Permanent Residence or returning to native country after Masters.

The significance of higher education in global arena has increased considerably in the past few decades and cross-border education gained momentum with a large number of students travelling to foreign land to gain degrees. Asians constitute a major portion of the international population in many countries and thus help in increasing enrollment diversity and revenue for educational institutions overseas.

The higher education trends in the last decade clearly favours the first world English speaking countries such as the United States, the United Kingdom and Australia. However, the recent years has witnessed a change in the study abroad trends among students, which catalysed the emergence of Canada, New Zealand, Germany and France as major destinations. One major reason that fuelled this trend is the immigration opportunities that these countries provide to the international students. While some countries paid heavily for their stringent policies and employment after graduation,  others gained ‘hot study abroad destination’ statuses and thereby increased revenue by opening doors to immigrants.

Permanent residency refers to a person’s visa status. The person is allowed to reside indefinitely within a country of which he or she is not a citizen. A person with such status is known as a permanent resident.[wikipedia]

 

  • Canada- Preferred destination because of its visa rules and PR (permanent residency) system and being close to USA and one of the multicultural countries and voted as one of the best countries to live  in students are flocking Canada, no matter whether they get their choice of  course and university or not.
  • Australia- With a high standard of living and better job prospects and easy PR rules, Australia is third most famous study abroad destination among students in Asia. You can get your PR in Australia within two years as well.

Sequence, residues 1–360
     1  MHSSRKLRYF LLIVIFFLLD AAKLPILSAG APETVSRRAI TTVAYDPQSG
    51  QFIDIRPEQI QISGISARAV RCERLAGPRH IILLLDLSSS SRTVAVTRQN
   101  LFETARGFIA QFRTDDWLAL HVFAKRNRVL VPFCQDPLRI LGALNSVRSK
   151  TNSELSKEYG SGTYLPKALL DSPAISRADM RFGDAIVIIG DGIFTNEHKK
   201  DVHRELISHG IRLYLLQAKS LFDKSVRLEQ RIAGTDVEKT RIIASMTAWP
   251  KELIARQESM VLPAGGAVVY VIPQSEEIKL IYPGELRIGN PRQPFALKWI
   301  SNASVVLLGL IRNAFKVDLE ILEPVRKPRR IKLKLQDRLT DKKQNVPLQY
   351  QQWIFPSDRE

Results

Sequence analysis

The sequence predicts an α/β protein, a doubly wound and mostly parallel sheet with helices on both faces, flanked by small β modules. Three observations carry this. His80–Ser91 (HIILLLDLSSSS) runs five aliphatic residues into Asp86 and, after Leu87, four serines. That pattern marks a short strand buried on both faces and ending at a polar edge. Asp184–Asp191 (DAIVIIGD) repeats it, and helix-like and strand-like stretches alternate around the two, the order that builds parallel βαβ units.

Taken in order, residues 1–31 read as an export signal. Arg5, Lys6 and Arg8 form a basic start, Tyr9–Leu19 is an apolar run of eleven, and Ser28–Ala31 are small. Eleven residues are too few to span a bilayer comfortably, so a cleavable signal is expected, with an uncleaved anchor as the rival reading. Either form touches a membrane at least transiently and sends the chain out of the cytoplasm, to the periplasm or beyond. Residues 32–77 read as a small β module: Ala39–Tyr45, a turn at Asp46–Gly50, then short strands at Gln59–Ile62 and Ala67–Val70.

• New Zealand- The government wants young students to come and contribute to their country’s economy. Hence the PR rules in the country has been relaxed and by 2015 they had increased their education sector by 25%. There is a visa extension for 2 years, similar to Australia
  • USA- It takes minimum 10 years to get your visa processed. Even though after completing your education you get a two year visa extension, mostly students return back to their home country after that. But USA is still a country well known for its university reputation , technology prowess  and one everyone dreams of going

These were a few insights to PR in English speaking nations. The next blog would cover the insights in European countries.

 

There are pros and cons to choosing between PR and returning to the native country.  When you are a PR, you don’t quite enjoy the benefits that a native citizen of that country enjoys yet you pay taxes there. The money factor always seems convincing as the the value of the currency would be X times in your country.

There has been a steep drop in the number of people staying back in certain countries because of the stringent Visa policies. Reports say students who went overseas for education, are facing a tough time finding a job. Many have returned home. And some are now casting the net wider — looking for jobs from the US to Hong Kong and Singapore — or settling for sub-optimal options. Rupa Chanda, professor, IIM-Bangalore, who has worked on reports on international student mobility, says visa and immigration is the biggest factor affecting Indian students’ decisions.

 

The US, UK and Australia are the three most popular destinations where global education is sought. Many students take hefty education loans to finance their studies abroad. While many would find decent jobs back in their home country that would not help much as these students need dollar salaries to comfortably service their loan. This is taking its toll. “Overseas education is costly. Many Indian students are doing a cost-benefit analysis to figure how to recoup their investments overseas and putting off their plans [to study there],” explains New York-based Rahul Choudaha, chief knowledge officer, World Education Services (WES), a non-profit organisation that provides credential evaluations for international students planning to study or work in the US and Canada.

All of these align well with the trend of rising international mobility of students. What is more interesting is the share of students from the developing countries is rising year on year.

Source: Economic Times

Leave a Reply

Your email address will not be published. Required fields are marked *